I really loved what they were doing at the Cotton Candy Machine and asked if I could help out as an intern. I got to learn a lot, in terms of exhibition, packing artwork and I did a bunch of artist interviews for their blog which I loved, because I generally just love talking to artists and understanding how they work and create. I even got to visit Scott C’s studio at the Pencil Factory in Greenpoint. The building actually used to be a pencil factory but now a bunch of artists work out of there. It was a lot of fun for me because we used to pour over his series of ‘Great Showdowns’ at the creative boutique agency I worked at. Great Showdowns are watercolour pieces chronicling of some of the greatest confrontations in film history. Basically, he would illustrate bad guys vs. the good guys and you’d have to guess which movie it was. I spoke to him about the Sketchup, which is the illustrator’s group I run. I had just started the Sketchup before coming to New York, and arranged the next three sessions from NYC through Skype. He told me a little about the artist collective he had been a part of in the earlier days of his career, and it was really inspiring.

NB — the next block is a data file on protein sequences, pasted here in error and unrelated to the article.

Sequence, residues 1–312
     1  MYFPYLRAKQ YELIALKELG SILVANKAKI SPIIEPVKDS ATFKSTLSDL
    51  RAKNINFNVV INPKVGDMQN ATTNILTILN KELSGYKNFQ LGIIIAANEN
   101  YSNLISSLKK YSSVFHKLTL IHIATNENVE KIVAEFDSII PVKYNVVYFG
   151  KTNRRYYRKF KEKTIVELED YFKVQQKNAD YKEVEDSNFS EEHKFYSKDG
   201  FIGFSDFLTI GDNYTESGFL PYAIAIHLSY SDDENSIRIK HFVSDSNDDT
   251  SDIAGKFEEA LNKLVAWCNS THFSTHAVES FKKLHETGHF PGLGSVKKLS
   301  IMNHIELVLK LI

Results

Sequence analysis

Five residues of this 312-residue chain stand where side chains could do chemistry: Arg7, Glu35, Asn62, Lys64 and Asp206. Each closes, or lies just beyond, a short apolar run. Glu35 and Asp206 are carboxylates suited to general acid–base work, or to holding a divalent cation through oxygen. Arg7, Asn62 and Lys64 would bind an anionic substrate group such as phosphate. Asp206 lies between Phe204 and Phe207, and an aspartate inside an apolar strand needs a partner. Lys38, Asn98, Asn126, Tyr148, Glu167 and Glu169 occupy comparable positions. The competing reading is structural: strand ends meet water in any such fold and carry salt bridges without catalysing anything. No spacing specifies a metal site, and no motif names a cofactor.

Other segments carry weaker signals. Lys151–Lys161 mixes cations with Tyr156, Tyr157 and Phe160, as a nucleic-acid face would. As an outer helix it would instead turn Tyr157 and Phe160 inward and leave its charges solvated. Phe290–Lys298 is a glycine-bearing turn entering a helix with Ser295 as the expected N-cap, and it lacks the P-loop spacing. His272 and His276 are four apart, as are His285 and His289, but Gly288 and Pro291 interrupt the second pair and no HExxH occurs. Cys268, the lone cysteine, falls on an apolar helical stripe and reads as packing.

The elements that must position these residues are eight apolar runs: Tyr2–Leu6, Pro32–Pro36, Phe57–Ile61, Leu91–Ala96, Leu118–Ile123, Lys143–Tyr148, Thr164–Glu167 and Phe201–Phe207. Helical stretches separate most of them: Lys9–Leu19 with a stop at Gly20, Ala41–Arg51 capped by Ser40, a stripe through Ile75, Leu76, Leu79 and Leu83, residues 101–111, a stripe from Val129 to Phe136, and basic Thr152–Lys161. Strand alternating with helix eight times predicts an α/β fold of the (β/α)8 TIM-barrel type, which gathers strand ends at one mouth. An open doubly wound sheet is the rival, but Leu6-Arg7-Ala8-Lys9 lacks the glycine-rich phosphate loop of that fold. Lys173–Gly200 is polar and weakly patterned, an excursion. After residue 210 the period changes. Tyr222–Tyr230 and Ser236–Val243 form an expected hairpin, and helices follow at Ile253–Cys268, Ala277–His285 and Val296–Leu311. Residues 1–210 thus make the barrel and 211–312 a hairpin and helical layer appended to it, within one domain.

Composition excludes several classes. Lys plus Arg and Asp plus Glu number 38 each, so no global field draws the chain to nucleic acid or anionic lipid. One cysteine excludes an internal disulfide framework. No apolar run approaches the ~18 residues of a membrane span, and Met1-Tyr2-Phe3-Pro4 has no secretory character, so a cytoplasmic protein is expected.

Did you end up meeting other artists as well?
After two months in Manhattan, I moved to Brooklyn, subletting a room in a four bedroom apartment from a design graduate who worked at a letterpress set up. I went to a bunch of events happening in the area and met some very interesting street artists. At one event, I met street artists Dasic Fernandes and Chris Soria who were so cool. Another artist Ullyses and a photographer George Brock who had been living in Brooklyn since forever took me on a walk around the area to show me some of the street art and told me the stories behind the pieces.
Later on at the Cotton Candy Machine I met this guy @checkback on Instagram, who did street art tours. He bought a notebook from me at one of the flea markets and offered me his free tour for artists. I saw and heard about so much street art that day, it was excellent. We even ran into this artist Uta Brauser painting a fridge in the middle of the road. It started raining and she single handedly shifted it into her madly painted van before driving off.